Another game called "Raindrops" works out the brain's aptitude for doing quick mental calculations and its ability to work with numbers. This one is also straightforward and uses a race against the clock in order to build suspense and sharpen attention. Small raindrops, each with a calculation -- such as seven plus two or nine times four -- descend from the top of the computer screen. Your job is to solve the calculations before they reach the "water" below. The raindrops get faster and more complicated as you answer more, and the game is over when three raindrops hit the water.
Ultimately, the types of games you'll end up playing depend on which skills you want to work on. One popular game that focuses on language skills is called "Word Bubbles," which appears on the computer screen as a line of bubbles submerged in water. The point of the game is to raise as many bubbles as possible out of the water in one minute. To do that, players are given a three-letter stem -- like "con" or "qui" -- and the goal is to make three words of the same length in order to lift the bubble out of the water. So, that means a combination of "conifer," "connect" and "confirm" would move a bubble out of the water. After succeeding with seven-letter words starting with con, a player could move onto conjuring up eight-letter or six-letter words.
Benefits of Lumosity Brain Games
Ever since she started grappling with Lumosity's brain games in 2011, Jennifer Pierce says she has seen real benefits. A speech pathologist from Montana, Pierce says she found the number-related games especially difficult. "Because I'm not strong in math, I found the math and spatial orientation games quite challenging," she says.
Even though Pierce doesn't play every day, she still has noticed that she can concentrate better and be more productive at work than she was before she found Lumosity. "One day I was working on a report but was really tired and couldn't concentrate. So, I decided to play Lumosity," she says. "I completed that day's training and when I was finished, I was more alert and focused." Even in her most dreaded subject, math, Pierce has seen improvements. "I find myself more easily making mental calculations rather than using my fingers," she says.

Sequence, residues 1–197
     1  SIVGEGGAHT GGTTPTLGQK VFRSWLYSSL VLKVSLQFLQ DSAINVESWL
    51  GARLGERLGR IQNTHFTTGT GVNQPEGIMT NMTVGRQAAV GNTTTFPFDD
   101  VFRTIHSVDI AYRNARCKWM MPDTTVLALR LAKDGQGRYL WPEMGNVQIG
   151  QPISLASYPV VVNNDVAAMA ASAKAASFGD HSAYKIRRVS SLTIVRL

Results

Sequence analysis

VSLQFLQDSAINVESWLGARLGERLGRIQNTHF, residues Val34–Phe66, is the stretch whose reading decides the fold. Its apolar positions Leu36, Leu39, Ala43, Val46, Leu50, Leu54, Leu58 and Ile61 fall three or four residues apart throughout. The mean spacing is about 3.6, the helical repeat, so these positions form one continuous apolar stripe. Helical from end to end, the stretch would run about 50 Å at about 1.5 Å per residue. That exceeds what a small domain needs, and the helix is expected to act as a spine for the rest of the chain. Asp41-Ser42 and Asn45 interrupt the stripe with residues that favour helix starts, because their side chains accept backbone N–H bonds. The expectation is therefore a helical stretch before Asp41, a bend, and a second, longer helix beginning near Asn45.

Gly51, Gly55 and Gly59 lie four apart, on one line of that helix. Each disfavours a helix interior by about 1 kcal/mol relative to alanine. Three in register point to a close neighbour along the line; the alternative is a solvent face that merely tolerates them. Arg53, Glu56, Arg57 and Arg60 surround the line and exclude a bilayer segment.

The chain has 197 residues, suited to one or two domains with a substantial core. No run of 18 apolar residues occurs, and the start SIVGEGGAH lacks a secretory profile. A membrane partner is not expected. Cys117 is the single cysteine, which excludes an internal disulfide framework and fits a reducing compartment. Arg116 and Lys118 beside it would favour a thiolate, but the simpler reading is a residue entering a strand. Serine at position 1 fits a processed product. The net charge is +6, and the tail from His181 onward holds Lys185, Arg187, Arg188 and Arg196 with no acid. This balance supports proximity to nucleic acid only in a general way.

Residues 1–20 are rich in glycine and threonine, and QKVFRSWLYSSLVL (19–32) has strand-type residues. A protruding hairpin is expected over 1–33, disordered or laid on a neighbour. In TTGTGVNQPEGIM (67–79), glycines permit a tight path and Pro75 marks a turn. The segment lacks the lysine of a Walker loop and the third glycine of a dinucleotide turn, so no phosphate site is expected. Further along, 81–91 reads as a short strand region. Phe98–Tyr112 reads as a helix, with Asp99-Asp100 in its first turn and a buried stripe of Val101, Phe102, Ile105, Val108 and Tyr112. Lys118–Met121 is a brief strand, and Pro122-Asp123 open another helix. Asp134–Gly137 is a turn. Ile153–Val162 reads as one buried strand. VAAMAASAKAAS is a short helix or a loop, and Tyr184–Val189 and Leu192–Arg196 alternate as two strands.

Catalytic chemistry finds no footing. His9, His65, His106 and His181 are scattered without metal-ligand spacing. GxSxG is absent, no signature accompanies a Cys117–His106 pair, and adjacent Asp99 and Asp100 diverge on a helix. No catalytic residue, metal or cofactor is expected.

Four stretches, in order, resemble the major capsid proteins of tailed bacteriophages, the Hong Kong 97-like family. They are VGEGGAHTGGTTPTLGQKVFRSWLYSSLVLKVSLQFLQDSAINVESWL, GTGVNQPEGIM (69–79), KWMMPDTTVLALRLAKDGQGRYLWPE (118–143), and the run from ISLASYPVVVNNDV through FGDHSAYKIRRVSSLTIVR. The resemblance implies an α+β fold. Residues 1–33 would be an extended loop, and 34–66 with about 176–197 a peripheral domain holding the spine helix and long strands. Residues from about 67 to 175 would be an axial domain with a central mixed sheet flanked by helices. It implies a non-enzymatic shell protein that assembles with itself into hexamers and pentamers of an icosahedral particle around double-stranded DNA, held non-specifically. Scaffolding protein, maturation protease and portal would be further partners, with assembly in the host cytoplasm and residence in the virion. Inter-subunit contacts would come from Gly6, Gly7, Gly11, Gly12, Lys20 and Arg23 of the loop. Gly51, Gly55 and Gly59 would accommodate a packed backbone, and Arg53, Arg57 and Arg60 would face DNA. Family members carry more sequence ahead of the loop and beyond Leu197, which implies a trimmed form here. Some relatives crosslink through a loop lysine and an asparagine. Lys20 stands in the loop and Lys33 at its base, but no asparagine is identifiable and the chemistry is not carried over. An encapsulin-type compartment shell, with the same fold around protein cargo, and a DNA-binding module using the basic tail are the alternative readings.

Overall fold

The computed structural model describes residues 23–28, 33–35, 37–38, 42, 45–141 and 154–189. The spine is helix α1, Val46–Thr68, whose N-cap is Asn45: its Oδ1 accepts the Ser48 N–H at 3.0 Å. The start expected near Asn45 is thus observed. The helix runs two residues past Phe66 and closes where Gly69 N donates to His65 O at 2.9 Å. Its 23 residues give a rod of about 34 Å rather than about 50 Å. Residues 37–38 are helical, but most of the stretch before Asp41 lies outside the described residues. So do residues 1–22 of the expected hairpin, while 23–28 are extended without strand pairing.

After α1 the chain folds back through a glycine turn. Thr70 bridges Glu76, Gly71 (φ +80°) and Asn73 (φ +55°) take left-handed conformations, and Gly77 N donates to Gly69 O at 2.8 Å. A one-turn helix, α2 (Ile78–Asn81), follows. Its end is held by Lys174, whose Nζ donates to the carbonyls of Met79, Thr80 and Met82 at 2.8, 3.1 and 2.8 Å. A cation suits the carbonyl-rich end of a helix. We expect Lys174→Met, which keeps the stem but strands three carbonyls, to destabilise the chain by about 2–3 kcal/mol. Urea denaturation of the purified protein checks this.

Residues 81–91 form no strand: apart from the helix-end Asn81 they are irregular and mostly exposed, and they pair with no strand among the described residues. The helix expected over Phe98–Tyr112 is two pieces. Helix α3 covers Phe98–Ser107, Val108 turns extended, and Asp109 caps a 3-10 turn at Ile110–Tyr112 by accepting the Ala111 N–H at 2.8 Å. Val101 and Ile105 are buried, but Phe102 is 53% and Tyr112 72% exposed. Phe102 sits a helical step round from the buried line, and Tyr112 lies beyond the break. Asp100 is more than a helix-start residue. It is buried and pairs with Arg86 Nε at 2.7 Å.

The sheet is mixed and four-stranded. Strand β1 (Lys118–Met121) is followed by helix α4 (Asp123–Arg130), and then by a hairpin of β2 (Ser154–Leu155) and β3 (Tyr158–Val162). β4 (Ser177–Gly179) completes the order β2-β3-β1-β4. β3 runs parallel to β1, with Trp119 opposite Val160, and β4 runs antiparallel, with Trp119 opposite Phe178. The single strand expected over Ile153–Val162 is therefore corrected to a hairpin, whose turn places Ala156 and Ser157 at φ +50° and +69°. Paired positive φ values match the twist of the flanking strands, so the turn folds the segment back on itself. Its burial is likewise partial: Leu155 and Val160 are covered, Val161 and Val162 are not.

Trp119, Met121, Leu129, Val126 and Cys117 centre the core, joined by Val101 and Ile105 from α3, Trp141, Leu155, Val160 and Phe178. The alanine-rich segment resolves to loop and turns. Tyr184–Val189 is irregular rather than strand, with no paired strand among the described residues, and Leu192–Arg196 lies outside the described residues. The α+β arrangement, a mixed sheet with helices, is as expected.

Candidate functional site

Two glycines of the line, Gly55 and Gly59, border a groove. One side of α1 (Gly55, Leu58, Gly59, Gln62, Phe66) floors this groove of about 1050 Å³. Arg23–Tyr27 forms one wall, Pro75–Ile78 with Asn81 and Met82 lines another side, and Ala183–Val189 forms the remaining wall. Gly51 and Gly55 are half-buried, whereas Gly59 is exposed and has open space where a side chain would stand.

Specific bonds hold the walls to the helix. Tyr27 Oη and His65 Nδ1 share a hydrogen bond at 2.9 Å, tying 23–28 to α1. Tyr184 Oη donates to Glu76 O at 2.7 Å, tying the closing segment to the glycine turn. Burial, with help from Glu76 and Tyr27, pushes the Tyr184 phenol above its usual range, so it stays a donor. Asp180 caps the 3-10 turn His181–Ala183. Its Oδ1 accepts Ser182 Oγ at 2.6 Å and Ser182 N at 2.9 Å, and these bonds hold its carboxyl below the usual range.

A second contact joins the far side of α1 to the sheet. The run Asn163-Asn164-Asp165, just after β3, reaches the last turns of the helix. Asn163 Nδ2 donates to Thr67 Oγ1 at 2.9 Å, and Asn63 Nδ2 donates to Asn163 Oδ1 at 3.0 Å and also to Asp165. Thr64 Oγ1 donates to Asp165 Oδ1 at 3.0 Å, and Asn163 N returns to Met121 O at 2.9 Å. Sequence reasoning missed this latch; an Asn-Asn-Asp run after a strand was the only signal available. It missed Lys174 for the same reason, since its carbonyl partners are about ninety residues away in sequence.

Lumosity reports that, on average, its users demonstrate a 10 percent improvement in working memory and a more than 20 percent spike in attention after just 10 hours of training [source: Perng]. And while there certainly appear to be general benefits for anyone exercising the brain with Lumosity's games, some research shows that the mental workouts can be especially helpful for certain people. For example, research out of Stanford University that was published in the peer-reviewed journal "Brain Injury" in December 2010 found that Lumosity training improved the cognitive performance and brain activity in the prefrontal cortex of childhood cancer survivors. In 2011, researchers from the University of New South Wales in Australia also discovered that patients with mild cognitive impairment saw improvement in their sustained attention after Lumosity training [source: Perng].
For his part, Kent Crenshaw, the teacher from Tennessee, doesn't just test out the benefits from Lumosity on his students. Crenshaw himself did the training for 6 months before he incorporated it into his classes. An engineer by training who has taught physics, Crenshaw says the Lumosity games are far superior to other methods promoted as providing brain benefits. "This puts crossword puzzles in the slow category," he says.
Author's Note: How Lumosity Brain Games Work
I went into the research for this story imagining that I would find it about as exciting as doing homework on a sunny Saturday. But after trying out a handful of the games -- especially "Raindrops" -- I understand why so many people have become addicted to them. I also swear that I'm going to conquer "Raindrops" one of these days.
- Crenshaw, Kent. Teacher at Germantown High School. Personal interview. March 8, 2012.
- Official web site for Lumosity. (March 7, 8, 9, and 14, 2012). www.lumosity.com
- Perng, Erica. Public relations representative for Lumosity. Personal correspondence. March 7, 2012.
- Pierce, Jennifer. Speech pathologist and Lumosity player. Personal correspondence. March 15, 2012.